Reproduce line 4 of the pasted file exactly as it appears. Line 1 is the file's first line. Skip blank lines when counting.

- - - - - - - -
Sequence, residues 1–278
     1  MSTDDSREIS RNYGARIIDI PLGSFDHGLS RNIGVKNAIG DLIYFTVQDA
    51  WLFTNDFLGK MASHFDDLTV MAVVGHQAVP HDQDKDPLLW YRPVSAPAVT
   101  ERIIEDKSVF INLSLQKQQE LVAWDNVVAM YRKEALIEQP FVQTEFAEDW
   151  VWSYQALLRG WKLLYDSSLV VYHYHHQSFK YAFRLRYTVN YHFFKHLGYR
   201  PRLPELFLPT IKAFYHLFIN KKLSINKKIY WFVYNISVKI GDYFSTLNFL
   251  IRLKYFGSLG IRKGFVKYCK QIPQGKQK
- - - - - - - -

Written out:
   101  ERIIEDKSVF INLSLQKQQE LVAWDNVVAM YRKEALIEQP FVQTEFAEDW